Ceramic artists list
> Ceramic artists list 100. Tim Rowan 99. Graciela Olio 98. Michal Fargo 97. Ryan Blackwell 96. Ellen Schön 95. Francesco Ardini 94. David Gallagher 93. Elizabeth Shriver 92. Jason Hackett 91. Patricia Sannit 90. Bente Skjøttgaard 89. Steve Belz 88. Ruth Power 87. Jenni Ward 86. Liliana Folta 85. Kira O'Brien 84. Annie Woodford 83. Kwok-Pong Bobby Tso 82. Bogdan Teodorescu 81. Kimberly Cook 80. Paula Bellacera 79. Debra Fleury 78. Cindy Billingsley 77. David Gilbaugh 76. Teresa & Helena Jané 75. Marianne McGrath 74. Suzanne Stumpf 73. Deborah Britt 72. Kathy Pallie 71. Els Wenselaers 70. Kjersti Lunde 69. Brian Kakas 68. Marie T. Hermann 67. Mark Goudy 66. Susan Meyer 65. Simcha Even-Chen 64. Barbara Fehrs 63. Shamai Gibsh 62. Natalia Dias 61. Bethany Krull 60. Amanda Simmons 59. Arthur Gonzalez 58. Chris Riccardo 57. Akiko Hirai W 56. Johannes Nagel 55. Rika Herbst 54. Liza Riddle 53. Chang Hyun Bang 52. Virginie Besengez 51. Jasmin Rowlandson 50. Chris Wight 49. Wim Borst 48. Rafael Peréz 47. Guðný Hafsteinsdóttir 46. Cathy Coëz 45. Merete Rasmussen 44. Carol Gouthro 43. JoAnn Axford 42. David Carlsson 41. Margrieta Jeltema 40. David Roberts 39. Patrick Colhoun 38. Abigail Simpson 37. Signe Schjøth 36. Katharine Morling 35. Dryden Wells 34. Antonella Cimatti 33. Cynthia Lahti 32. Carole Epp 31. Blaine Avery 30. Ian Shelly 29. Jim Kraft 28. Wesley Anderegg 27. Connie Norman 26. Arlene Shechet 25. Young Mi Kim 24. Jason Walker 23. Peter Meanley 22. Shane Porter 21. Jennifer McCurdy 20. Yoichiro Kamei 19. Debbie Quick 18. Ian F Thomas 17. John Shirley 16. Grayson Perry 15. Vivika & Otto Heino 14. Georges Jeanclos 13. Daniel Kavanagh 12. Nagae Shigekazu 11. Matthew Chambers 10. Tim Andrews 9. Claire Muckian 8. Adam Frew 7. Maciej Kasperski 6. Roxanne Jackson 5. Keith Schneider 4. Celeste Bouvier 3. Tim Scull 2. Kim Westad 1. Sara Paloma

potter

Deborah Britt: Blue Pitcher Set, 8” x 13”, Wheel-Thrown and Altered, Salt-Fired Porcelain with Slip and Glaze Decoration, Cone Ten, 2011

  • Deborah Britt: Jaunty Pouring Vessel II, 9” x 7”, Wheel-Thrown and Altered, Salt-Fired Porcelain with Glaze Decoration, Cone Ten, 2011

  • Deborah Britt: Jaunty Pouring Vessel, 9” x 9”, Wheel-Thrown and Altered, Salt-Fired Porcelain with Slip and Glaze Decoration, Cone Ten, 2011

  • Barbara Fehrs

    Barbara Fehrs' profile on Ceramics Now Magazine - View her works

    “My art forms are created from red earthenware using hand built processes of stretching, altering and joining slabs of clay. While the clay is still workable, shapes, coils and other features are incorporated. My vessels use a three-sided form as a consistent point of departure and I challenge myself by creating each piece uniquely, developing patterns or referencing nature or an historical style. Faux forms such as pitchers give the viewer an added delight where distinct surface treatments distinguish two views. The contrast of clay and glaze is important to my expression as it draws attention to shapes, patterns and rich textures. I enjoy creating works that can be appreciated visually as well used functionally.” Barbara Fehrs

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  • Barbara Fehrs: Vessel with Arched Handle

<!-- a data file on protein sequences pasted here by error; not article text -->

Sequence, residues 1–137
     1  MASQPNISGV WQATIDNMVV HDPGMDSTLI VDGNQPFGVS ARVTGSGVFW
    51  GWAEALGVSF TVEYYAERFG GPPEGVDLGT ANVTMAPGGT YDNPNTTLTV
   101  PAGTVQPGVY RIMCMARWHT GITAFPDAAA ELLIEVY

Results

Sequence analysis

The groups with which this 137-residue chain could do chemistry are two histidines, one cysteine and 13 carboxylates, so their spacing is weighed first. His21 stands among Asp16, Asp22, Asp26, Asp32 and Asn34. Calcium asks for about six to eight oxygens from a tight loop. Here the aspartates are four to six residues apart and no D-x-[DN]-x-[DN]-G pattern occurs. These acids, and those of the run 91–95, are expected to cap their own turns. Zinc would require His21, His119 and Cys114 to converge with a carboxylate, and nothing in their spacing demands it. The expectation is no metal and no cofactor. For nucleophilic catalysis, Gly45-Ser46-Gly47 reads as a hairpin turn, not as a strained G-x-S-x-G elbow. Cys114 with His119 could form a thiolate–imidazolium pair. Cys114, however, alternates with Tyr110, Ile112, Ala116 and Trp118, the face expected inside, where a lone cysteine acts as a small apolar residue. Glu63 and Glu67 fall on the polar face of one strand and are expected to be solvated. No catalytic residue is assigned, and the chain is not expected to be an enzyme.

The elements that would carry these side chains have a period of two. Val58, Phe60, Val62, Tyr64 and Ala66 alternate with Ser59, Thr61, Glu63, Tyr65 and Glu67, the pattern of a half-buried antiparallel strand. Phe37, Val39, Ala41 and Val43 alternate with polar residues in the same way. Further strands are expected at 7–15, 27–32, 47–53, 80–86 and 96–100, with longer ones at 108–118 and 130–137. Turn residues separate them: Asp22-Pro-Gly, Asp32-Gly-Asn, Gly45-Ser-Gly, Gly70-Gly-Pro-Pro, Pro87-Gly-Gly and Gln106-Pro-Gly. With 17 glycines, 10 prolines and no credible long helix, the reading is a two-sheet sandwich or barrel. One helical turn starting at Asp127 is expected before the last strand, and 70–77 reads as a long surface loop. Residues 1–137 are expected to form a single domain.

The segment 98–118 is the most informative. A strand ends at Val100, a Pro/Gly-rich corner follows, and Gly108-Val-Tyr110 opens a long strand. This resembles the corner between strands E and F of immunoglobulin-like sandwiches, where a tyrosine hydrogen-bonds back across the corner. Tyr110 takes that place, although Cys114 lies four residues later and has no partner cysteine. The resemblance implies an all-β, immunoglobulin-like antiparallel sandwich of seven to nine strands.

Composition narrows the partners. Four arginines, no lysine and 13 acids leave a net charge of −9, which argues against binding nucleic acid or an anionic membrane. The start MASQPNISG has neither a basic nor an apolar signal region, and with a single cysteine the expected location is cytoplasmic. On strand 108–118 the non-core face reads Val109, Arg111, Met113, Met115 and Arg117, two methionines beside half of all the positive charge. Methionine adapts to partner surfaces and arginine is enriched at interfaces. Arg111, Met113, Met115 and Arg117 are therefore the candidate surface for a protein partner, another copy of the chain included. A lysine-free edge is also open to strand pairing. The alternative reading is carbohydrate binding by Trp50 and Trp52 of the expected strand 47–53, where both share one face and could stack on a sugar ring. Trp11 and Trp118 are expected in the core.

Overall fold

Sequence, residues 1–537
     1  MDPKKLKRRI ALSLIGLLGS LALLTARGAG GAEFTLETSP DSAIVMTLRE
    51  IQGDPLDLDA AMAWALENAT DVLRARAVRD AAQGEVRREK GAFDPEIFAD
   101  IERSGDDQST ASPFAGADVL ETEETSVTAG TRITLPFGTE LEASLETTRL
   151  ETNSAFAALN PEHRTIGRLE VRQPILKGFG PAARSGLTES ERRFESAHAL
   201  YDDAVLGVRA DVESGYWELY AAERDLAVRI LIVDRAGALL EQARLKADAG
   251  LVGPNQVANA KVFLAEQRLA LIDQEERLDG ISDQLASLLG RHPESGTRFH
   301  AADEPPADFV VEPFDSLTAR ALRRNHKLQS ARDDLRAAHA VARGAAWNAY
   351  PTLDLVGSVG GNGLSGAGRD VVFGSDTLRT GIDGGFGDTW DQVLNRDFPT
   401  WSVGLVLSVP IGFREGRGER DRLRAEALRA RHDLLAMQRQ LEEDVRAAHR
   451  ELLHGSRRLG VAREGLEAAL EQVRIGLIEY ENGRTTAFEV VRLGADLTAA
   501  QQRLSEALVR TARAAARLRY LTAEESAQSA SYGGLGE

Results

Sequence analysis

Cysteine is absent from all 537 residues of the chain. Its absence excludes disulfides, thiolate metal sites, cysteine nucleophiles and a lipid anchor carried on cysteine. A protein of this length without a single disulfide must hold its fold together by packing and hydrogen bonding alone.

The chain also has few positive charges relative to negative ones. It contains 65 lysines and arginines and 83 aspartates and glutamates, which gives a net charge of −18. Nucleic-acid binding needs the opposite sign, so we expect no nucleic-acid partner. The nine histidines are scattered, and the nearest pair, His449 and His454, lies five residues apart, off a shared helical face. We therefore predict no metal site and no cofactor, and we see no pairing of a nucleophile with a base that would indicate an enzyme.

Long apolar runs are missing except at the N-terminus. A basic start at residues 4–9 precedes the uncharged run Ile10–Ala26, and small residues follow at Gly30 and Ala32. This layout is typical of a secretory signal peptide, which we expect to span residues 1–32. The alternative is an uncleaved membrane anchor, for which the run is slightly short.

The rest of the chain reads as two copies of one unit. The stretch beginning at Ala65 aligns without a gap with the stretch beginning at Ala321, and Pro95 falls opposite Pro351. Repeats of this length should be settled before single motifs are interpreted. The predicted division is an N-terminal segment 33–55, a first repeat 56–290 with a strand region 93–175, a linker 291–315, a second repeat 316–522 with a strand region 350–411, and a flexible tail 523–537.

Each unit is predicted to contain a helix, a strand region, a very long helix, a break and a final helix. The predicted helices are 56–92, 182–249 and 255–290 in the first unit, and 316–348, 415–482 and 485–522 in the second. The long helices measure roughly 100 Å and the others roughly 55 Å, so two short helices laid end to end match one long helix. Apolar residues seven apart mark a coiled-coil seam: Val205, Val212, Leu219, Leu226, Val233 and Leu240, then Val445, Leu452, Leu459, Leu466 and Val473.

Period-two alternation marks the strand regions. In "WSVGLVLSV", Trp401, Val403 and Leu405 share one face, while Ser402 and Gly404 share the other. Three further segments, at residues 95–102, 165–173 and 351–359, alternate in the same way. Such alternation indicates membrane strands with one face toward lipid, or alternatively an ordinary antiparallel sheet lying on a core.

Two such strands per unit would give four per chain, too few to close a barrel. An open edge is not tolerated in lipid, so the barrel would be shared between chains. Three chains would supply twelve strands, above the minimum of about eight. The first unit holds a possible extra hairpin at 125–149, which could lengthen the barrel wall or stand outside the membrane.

• Barbara Fehrs: Ewer with Tray

  • Barbara Fehrs: Vessel with Leaves

  • Barbara Fehrs: Faux Greek Vessel (back view)

  • Barbara Fehrs: White Faux Pitcher

  • Barbara Fehrs: Vessel with Circles

  • Barbara Fehrs: Vessel with Intersecting Circles

  • JoAnn Axford

    JoAnn Axford's profile on Ceramics Now Magazine - View her works

    “The flowers of the woodlands and gardens of my upstate New York home are the subjects of my work. The intricate beauty in nature compels me to employ a complex process to translate this to the surface of my pots. I choose to use porcelain because it is the most pure of clays and when left unglazed and  polished , an enticingly smooth rich surface is revealed. I began carving my porcelain forms during graduate studies at Skidmore College with Leslie Ferst and Regis Brodie.  I continued my exploration of floral forms and structures by pursuing postgraduate study in botanical illustration at The New York Botanical Gardens. I create the bas-relief botanical images by carving into the leather hard wheel thrown porcelain pot. It is a process that can take more than one hundred hours. Each piece is hand polished after the first firing, the bisque, and again after the final high temperature firing to achieve the smooth marble like sheen.

    My pots are my response to the natural world and my wish for its preservation.  I strive to record the resiliency of nature in the bas-relief botanical images. I attempt also to capture the delicacy and fragility of the blossoms that will ironically be outlived by my pots

    As objects of contemplation, it is my hope that my pots will celebrate the beauty and strength of nature and encourage its preservation.” JoAnn Axford

    In addition to teaching at both the college and community arts levels, JoAnn has exhibited extensively in juried exhibits throughout the United States, including The Strictly Functional Pottery National, Crafts National, and San Angelo National Ceramic Competition.  She was recognized as an Emerging Artist by Ceramics Monthly  magazine in 2006.  Her work has been published In Clay Times Magazine, Surface Design for Ceramics by Maureen Mills, Lark Books, and 500 Raku by Lark Books.

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